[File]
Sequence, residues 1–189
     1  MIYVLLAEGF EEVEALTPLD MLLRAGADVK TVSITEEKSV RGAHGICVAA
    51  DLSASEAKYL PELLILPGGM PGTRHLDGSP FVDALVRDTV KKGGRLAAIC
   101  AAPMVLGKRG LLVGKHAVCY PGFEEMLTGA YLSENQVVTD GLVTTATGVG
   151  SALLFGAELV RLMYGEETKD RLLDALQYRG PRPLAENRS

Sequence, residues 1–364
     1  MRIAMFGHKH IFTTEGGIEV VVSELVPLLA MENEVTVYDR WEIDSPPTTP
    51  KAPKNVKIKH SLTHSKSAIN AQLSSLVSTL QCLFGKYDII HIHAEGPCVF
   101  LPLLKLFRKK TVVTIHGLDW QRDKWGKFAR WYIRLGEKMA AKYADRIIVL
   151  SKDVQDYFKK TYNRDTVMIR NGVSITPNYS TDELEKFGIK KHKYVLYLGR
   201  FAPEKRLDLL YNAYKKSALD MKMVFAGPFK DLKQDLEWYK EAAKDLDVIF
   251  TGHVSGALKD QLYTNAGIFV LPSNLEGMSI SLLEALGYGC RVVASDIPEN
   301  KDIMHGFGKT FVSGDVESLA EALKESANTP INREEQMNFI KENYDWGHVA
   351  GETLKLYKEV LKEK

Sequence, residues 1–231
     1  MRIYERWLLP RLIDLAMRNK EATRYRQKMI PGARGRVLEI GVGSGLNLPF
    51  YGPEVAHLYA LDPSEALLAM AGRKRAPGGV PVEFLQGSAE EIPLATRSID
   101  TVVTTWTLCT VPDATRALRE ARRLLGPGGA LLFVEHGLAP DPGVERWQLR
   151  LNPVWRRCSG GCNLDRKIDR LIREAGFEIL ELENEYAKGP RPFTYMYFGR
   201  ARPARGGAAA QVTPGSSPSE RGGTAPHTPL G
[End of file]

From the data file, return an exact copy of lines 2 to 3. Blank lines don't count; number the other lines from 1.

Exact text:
     1  MIYVLLAEGF EEVEALTPLD MLLRAGADVK TVSITEEKSV RGAHGICVAA
    51  DLSASEAKYL PELLILPGGM PGTRHLDGSP FVDALVRDTV KKGGRLAAIC